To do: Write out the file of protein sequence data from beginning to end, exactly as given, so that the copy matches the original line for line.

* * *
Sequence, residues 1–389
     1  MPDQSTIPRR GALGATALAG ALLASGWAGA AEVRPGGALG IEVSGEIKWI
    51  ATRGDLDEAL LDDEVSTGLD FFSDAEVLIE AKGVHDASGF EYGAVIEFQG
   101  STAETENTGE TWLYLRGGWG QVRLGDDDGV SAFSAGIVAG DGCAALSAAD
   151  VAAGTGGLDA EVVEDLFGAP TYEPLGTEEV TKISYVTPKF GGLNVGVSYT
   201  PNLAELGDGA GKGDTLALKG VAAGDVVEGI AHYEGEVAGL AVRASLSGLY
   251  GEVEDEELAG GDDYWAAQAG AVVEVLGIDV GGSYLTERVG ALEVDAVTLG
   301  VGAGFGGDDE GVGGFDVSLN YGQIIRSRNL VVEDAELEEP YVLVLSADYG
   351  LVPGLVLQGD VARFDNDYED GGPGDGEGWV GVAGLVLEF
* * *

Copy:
Sequence, residues 1–389
     1  MPDQSTIPRR GALGATALAG ALLASGWAGA AEVRPGGALG IEVSGEIKWI
    51  ATRGDLDEAL LDDEVSTGLD FFSDAEVLIE AKGVHDASGF EYGAVIEFQG
   101  STAETENTGE TWLYLRGGWG QVRLGDDDGV SAFSAGIVAG DGCAALSAAD
   151  VAAGTGGLDA EVVEDLFGAP TYEPLGTEEV TKISYVTPKF GGLNVGVSYT
   201  PNLAELGDGA GKGDTLALKG VAAGDVVEGI AHYEGEVAGL AVRASLSGLY
   251  GEVEDEELAG GDDYWAAQAG AVVEVLGIDV GGSYLTERVG ALEVDAVTLG
   301  VGAGFGGDDE GVGGFDVSLN YGQIIRSRNL VVEDAELEEP YVLVLSADYG
   351  LVPGLVLQGD VARFDNDYED GGPGDGEGWV GVAGLVLEF